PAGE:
When it comes to concerts: Beethoven-Mozart-Brahms. I am a Viennese classicist, am I not? Boulez’s reappearance, though, is most welcome, with seven concerts: thanks here are due to the opening of the Pierre Boulez Saal, and to the Vienna Konzerthaus’s Boulez festival.
To return, though, to women, and indeed to turn to a subject I should have thought about long ago when making such a list: how is it that, of 96 composers featured, only six are women? (I think I have done my sums correctly; please forgive any slips in that respect, and feel free to tell me!) The problem is certainly not that I have not attended enough contemporary music. Of those 96 composers, 32 are living: one thing, at least, of which I am quite proud. Yet, whilst all six of those women composers are alive, the contemporary scales are still weighted 6:26. Is this partly my fault? Doubtless. I could certainly make more of an effort to attend and to review performances of music by women. (I could also make far more of an effort when it comes to teaching too.) Is it entirely my fault? Clearly not. This is systemic. What, then, are we going to do? We cannot pretend there is no problem here.
Opera/music theatre, etc.Wagner 15Monteverdi 4Strauss 3Debussy, Mozart 2Bartók, Benjamin, Berg, Berio, Borodin, Busoni, Cavalli, Humperdinck, Elena Kats-Chernin, Janácek, Ligeti, Menotti, Mussorgsky, Puccini, Ravel, Reimann, Nicola Sani, Rebecca Saunders, Andrea Lorenzo Scartazzini, Schreker, Schumann, Shostakovich, Johann Strauss, Stravinsky, Verdi, Weber, Ryan Wigglesworth 1
ConcertsBeethoven 13Mozart 10Brahms 9Boulez, Schubert 7Debussy, Schoenberg, Schumann 6Haydn, Ligeti, Jörg Widmann 5Berg, Ravel, Stravinsky 4Bach, Bartók, Dvorák, Mahler 3CPE Bach, Carter, Chopin, Messiaen, Monteverdi, Rihm, Shostakovich, Strauss, Takemitsu, Tchaikovsky, Isang Yun 2Mark Andre, Georges Aperghis, Julian Anderson, WF Bach, Vykintas Baltakas, Alessandro Baticci, Benjamin, Birtwistle, Johannes Boris Borowski, Bruch, Busoni, Duparc, Britten, Fodé Lassana Diabaté, Eisler, Grisey, Ivan Fedele, Luca Francesconi, Franck, HK Gruber, Lou Harrison, Hindemith, Ibert, Alexandra Karastoyanova-Hermentin, Kodály, Kurtág, Liza Lim, Liszt, Luca Marenzio, Christian Mason, Mendelssohn, Nono, Helmut Oehring, Eva Reiter, Matthias Pintscher, Erno Poppe, Prokofiev, Roussel, Rzewski, Rebecca Saunders, Iris ter Schiphorst, Johannes Schöllhorn, Marco Stroppa, Telemann, Nicola Vicentino, Walton, Weber, Weill, Gerhard E. Winkler, Wolf, John Zorn 1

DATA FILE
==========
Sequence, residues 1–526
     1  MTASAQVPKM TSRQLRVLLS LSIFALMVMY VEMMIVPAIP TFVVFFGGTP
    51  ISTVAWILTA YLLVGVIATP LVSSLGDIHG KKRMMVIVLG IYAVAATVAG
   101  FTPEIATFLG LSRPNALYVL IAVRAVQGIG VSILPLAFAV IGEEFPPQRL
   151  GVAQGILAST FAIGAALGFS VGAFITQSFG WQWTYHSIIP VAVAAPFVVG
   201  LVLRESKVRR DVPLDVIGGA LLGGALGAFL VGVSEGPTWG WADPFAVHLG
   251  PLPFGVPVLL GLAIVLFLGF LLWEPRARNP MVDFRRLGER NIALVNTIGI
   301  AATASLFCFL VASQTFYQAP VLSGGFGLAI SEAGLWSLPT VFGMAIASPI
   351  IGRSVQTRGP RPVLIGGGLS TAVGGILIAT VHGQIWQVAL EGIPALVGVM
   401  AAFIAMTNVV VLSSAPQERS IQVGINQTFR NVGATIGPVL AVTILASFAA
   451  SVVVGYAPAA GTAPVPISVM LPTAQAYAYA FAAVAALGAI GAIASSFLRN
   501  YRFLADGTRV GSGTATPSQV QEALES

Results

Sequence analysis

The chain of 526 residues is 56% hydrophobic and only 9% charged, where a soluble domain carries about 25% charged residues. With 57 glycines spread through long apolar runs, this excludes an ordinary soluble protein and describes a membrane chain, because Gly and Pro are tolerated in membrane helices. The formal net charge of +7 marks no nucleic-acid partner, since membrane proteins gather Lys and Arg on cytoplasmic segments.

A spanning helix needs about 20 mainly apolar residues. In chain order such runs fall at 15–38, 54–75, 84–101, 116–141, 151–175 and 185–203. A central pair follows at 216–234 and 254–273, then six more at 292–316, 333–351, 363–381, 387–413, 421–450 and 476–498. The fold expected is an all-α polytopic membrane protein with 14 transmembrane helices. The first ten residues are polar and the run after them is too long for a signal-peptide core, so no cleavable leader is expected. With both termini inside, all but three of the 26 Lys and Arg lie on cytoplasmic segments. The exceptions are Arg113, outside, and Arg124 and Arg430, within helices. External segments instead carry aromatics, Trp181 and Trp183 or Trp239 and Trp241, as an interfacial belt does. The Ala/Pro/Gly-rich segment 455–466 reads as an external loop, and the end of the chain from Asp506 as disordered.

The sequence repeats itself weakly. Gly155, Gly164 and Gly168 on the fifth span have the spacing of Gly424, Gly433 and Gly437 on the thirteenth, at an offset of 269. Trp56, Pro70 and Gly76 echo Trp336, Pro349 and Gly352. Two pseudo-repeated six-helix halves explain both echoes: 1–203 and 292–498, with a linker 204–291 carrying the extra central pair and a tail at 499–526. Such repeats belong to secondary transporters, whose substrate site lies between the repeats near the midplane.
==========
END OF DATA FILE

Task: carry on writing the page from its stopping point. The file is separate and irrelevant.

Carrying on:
Concerts and opera combinedWagner 15Beethoven 13Mozart 12Brahms 9Debussy 8Boulez, Schubert, Schumann 7Ligeti, Monteverdi, Schoenberg 6Berg, Haydn, Ravel, Stravinsky, Jörg Widmann 5Bartók, Strauss 4Bach, Bartók, Dvorák, Mahler, Shostakovich 3CPE Bach, Benjamin, Busoni, Carter, Chopin, Messiaen, Rihm, Rebecca Saunders, Takemitsu, Tchaikovsky, Weber, Isang Yun 2 Mark Andre, Georges Aperghis, Julian Anderson, WF Bach, Vykintas Baltakas, Alessandro Baticci, Birtwistle, Borodin, Johannes Boris Borowski, Bruch, Cavalli, Duparc, Britten, Fodé Lassana Diabaté, Eisler, Grisey, Ivan Fedele, Luca Francesconi, Franck, HK Gruber, Lou Harrison, Hindemith, Humperdinck, Ibert, Alexandra Karastoyanova-Hermentin, Janácek, Elena Kats-Chernin, Kodály, Kurtág, Liza Lim, Liszt, Luca Marenzio, Christian Mason, Mendelssohn, Menotti, Mussorgsky, Nono, Puccini, Helmut Oehring, Eva Reiter, Matthias Pintscher, Erno Poppe, Prokofiev, Reimann, Roussel, Rzewski, Nicola Sani, Andrea Lorenzo Scartazzini, Iris ter Schiphorst, Johannes Schöllhorn, Schreker, Johann Strauss, Marco Stroppa, Telemann, Nicola Vicentino, Walton, Weill, Ryan Wigglesworth, Gerhard E. Winkler, Wolf, John Zorn 1

One sign of hope, if hardly of mitigation: the new work that made the strongest impression on me was, I think, Rebecca Saunders’s Yes. New music groups of the world: unite and perform it as soon as you can, please. Audiences of the world: unite and attend.
19 days ago |
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Bartók: Hungarian Peasant Songs, Sz 100Bartók: Violin Concerto no.1, Sz 36
Mendelssohn: Selection from A Midsummer Night’s Dream, opp.21 and 61: Overture and nos 1, 3, 5, 7, 9, 10, 13

Vilde Frang (violin)Mari Eriksmoen (soprano)Kitty Whately (mezzo-soprano)Ladies of the Philharmonia Chor Wien (chorus master: Walter Zeh)Berlin Philharmonic OrchestraIván Fischer (conductor)